While holding that Dasuki’s appeal constituted an abuse of court process, the apex court unanimously pronounced that his continuous detention was not at the instance of the Economic and Financial Crimes Commission (EFCC) that put him on trial.
Justice Ejembi Eko, who delivered the judgment, held that the bails granted Dasuki in respect of criminal charges brought against him by EFCC have been obeyed, having been implemented by the Comptroller of Prisons in Kuje on December 29, 2015.
Dasuki had on June 15, 2016, at the Abuja division of the Court of Appeal, lost his bid to enforce his freedom after securing bails on all the charges against him.
The former NSA is standing trial for alleged mismanagement of $2.1 billion dollars in federal funds allocated to purchase arms to fight Boko Haram insurgents.
The former national security adviser under the Jonathan administration had approached the Supreme Court to challenge his continued detention and also prayed for the suspension of his trial pending the time bail orders were obeyed by government.
But in his judgment, Justice Ejembi Eko said that the EFCC cannot be held responsible for Dasuki’s continued detention since the detention was carried out by the Department State Service (DSS).
Judge Eko held that since the bail order was implemented by the Prison Comptroller it has been obeyed as far as the charges against him at the FCT High Court was concerned.
The Court said that from the claims and counter-claims of Dasuki and EFCC, it was clear that he (Dasuki) was rearrested at the premises of the Kuje Prison on December 29, 2015, by the DSS.
The Supreme Court affirmed the decision of the Court of Appeal and the FCT High Court which had, in separate decisions, held that the EFCC cannot be held responsible for the detention of Dasuki by the DSS.
Justice Eko said the appeal brought by Dasuki lacked merit and constituted an abuse of court process and therefore dismissed it.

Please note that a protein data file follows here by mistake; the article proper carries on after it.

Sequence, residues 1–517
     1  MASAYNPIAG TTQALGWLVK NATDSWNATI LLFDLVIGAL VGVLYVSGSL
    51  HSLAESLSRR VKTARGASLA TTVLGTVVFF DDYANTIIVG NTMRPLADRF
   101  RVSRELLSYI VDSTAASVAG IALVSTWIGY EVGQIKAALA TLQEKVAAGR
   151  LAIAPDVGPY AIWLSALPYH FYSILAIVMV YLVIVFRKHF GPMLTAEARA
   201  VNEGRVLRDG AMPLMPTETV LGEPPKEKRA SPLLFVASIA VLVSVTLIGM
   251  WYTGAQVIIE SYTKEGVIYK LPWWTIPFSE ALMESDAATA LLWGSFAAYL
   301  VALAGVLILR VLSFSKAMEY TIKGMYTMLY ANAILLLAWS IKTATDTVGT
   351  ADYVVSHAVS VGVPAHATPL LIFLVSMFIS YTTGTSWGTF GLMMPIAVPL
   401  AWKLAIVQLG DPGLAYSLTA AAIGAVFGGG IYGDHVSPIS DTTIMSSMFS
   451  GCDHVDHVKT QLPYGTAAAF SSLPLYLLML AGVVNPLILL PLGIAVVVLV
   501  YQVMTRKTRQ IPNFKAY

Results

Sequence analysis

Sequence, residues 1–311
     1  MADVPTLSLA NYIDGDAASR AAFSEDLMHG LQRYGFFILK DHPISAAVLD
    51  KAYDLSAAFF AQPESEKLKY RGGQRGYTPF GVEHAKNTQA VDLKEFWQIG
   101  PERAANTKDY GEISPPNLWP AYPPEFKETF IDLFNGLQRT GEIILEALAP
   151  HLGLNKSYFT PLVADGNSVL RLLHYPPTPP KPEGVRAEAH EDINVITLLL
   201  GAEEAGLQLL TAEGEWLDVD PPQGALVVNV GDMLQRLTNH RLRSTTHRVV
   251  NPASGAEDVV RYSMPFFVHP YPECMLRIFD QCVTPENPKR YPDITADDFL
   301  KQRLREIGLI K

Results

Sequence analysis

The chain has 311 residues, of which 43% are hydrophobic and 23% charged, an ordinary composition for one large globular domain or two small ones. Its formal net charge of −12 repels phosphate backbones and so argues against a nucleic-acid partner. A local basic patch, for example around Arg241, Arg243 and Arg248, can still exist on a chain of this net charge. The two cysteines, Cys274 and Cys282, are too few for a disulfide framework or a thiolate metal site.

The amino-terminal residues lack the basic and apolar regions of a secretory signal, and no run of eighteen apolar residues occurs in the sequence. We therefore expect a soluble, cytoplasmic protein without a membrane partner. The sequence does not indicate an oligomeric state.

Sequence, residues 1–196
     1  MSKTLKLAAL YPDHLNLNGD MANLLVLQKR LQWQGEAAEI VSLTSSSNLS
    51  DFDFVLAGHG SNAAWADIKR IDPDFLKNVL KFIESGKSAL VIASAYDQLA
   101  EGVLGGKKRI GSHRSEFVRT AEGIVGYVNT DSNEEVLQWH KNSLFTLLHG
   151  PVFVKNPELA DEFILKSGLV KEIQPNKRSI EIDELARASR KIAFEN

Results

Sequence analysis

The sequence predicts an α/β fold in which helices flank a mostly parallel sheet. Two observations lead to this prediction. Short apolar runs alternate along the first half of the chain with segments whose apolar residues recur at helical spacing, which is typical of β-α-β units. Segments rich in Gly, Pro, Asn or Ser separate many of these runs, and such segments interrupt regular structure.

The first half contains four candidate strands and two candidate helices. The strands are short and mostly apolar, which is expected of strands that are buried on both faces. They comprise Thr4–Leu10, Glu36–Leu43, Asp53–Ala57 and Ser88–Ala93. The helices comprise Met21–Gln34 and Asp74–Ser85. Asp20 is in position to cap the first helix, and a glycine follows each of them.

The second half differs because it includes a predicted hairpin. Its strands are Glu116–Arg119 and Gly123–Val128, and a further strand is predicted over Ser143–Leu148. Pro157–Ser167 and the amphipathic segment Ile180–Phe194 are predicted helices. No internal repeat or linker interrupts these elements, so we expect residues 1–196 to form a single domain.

The Court ordered Dasuki and EFCC to go back to the FCT High Court and continue with the trial in the charges brought against him by the anti-graft agency.
While arguing the appeal, Dasuki’s counsel, Joseph Daudu, contended that the decision of the Court of Appeal was erroneous, adding that it was incumbent on the Supreme Court to restore the integrity of all courts.
Daudu submitted that it was out of place for the Court of Appeal to scuttle the fundamental rights of a citizen after well-considered decisions of four courts that admitted the applicant to bail.
The senior lawyer said that his client needed the bail to prepare his defence, adding that he could not have access to security documents while in detention.
“My Lords, Dasuki is already being treated as a convict, even when none of the charges brought against him has been concluded,” Daudu stated.
“We sincerely pray this esteemed court to do the needful by setting aside the decision of the lower court.
“We also pray the court to momentarily halt the applicant’s trial until the Federal Government obeys the bail order of court.”
In opposition, counsel to the EFCC, Mr. Rotimi Jacobs, argued that the appeal lacked merit and should be dismissed.
Jacobs said the bail condition granted Dasuki was perfected on December 29, 2015, adding that a warrant of release to that effect was served on the Comptroller of Prisons in Kuje, upon which he was released. Jacobs said the Federal Government had not violated Dasuki’s rights, adding that the defendant was only re-arrested by the operatives of the DSS over other fraud allegations.
He said that it was unfair for the applicant to consider his re-arrest as a disobedience to court orders on his bail, adding that no court bail was targeted at the DSS when granted.
“The EFCC, which put Dasuki on trial on criminal charges at the FCT High Court, cannot be held responsible for the action of the DSS on the ground that the two agencies are different entities,” said Jacobs.
“Besides, My Lords, the Appeal Court has said there was no existing order against the re-arrest of Dasuki.
“Suffice to say that there cannot be a disobedience to a non-existing court order.
“We pray the apex court to affirm the decision of the lower court which ordered the continuation of the applicant’s trial even while he remains in detention,’’ the prosecutor said.
Dasuki had approached the Supreme Court praying it set aside the decision of the Court of Appeal which exonerated EFCC from his re-arrest shortly after he perfected his bail conditions.